scan from warm-toned B&W print

1941 (date accessed 24 April 2013)

CORE started conducted sit-ins as early as the 1940s. In 1943, the founding members of CORE staged their first sit in at the Jack Spratt Coffee House. The leaders sent group members to the coffeehouse where only the white members were served. After the Black members were denied service, the entire group refused to leave their seats until all members were served. As other customers began to participate, the coffeeshop manager’s called the police. CORE leaders, however, had already alerted the police of the demonstration claiming that the members were within their rights. The manager’s eventually served the entire group and the coffeeshop continued to serve both Black and white customers.


David Richmond (from left), Franklin McCain, Ezell Blair Jr., and Joseph McNeil Feb. 1, 1960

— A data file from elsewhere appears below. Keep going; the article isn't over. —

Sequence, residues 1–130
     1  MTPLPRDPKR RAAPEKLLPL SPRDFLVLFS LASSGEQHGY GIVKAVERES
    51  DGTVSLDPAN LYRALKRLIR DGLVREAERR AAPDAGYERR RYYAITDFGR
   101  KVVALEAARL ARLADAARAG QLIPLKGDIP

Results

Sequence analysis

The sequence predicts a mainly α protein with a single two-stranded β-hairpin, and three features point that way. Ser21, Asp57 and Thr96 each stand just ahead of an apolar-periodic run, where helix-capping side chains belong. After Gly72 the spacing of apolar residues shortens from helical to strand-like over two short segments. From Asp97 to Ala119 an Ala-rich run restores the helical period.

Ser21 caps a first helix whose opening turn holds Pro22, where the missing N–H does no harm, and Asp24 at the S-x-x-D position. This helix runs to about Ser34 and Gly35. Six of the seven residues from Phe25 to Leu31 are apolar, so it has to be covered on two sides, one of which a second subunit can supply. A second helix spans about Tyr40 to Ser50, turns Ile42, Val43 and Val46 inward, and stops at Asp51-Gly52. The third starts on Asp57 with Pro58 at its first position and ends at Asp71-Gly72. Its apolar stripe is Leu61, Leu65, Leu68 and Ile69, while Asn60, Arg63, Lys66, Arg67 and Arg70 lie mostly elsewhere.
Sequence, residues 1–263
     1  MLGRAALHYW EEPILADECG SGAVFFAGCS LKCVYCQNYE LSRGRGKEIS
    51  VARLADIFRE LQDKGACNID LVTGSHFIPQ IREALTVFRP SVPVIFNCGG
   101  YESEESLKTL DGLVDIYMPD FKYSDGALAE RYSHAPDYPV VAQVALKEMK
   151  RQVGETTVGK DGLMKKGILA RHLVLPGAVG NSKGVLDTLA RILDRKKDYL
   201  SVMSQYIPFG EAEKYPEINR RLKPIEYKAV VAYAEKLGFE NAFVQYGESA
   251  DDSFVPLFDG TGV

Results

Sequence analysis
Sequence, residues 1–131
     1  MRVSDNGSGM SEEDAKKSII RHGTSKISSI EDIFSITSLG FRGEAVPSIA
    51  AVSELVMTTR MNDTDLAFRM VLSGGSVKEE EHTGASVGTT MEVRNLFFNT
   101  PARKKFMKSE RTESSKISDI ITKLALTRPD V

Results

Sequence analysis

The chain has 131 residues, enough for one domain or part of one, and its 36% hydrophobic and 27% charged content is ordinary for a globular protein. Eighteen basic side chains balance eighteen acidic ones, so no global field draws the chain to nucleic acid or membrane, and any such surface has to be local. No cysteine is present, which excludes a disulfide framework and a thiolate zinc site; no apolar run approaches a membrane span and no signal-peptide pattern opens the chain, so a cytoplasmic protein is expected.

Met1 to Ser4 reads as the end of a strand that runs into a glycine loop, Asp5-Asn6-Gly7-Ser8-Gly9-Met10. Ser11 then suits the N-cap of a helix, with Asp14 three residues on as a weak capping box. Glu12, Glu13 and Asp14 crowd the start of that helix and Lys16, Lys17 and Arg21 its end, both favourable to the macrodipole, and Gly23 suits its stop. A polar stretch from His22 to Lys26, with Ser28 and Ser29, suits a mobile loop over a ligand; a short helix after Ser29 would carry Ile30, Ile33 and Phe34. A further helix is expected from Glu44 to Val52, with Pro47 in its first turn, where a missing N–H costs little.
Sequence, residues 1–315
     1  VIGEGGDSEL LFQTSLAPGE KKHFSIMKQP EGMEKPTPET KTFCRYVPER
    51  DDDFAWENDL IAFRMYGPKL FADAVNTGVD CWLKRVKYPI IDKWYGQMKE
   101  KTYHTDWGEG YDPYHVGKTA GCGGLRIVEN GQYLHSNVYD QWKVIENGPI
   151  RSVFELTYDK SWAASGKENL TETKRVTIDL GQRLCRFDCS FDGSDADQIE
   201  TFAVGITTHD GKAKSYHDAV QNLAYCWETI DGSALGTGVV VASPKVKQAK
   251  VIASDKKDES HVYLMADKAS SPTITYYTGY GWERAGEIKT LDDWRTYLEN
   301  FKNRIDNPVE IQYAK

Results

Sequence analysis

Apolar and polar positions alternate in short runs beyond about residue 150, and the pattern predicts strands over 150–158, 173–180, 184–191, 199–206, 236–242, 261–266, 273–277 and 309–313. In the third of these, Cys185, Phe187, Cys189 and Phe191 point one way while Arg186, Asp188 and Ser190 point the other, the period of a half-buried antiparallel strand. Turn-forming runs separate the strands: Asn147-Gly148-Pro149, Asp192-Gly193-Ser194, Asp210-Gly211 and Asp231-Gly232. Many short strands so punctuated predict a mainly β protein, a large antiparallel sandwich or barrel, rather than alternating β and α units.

CORE did a few more sit-ins in St. Louis in 1949 and Baltimore in 1952 but none of them got the same amount of press and recognition as the ones in North Carolina. On February 1, 1960, four Black students in Greensboro refused to leave Woolworth’s until they were served. Over the next few weeks, the local newspapers reported about their efforts and support grew with each day. Ezell Blair Jr., the president of the Greensboro CORE chapter, stated “…It is time for someone to wake up and change the situation…and we decided to start here.” Following the success at Woolworth’s, CORE organized more sit-ins and trained students in the tactics and strategies of nonviolent resistance. Over the past few years, sit-ins have spread throughout the South in Tennessee, Virginia, South Carolina, and Florida. Students in the New York City, as an act of solidarity, protested Woolworth’s. A Columbia student who led the protest was quoted saying that an “injustice anywhere is everyone’s concern”. By July 1960, the Woolworth’s chain desegregated and served both Black and white customers.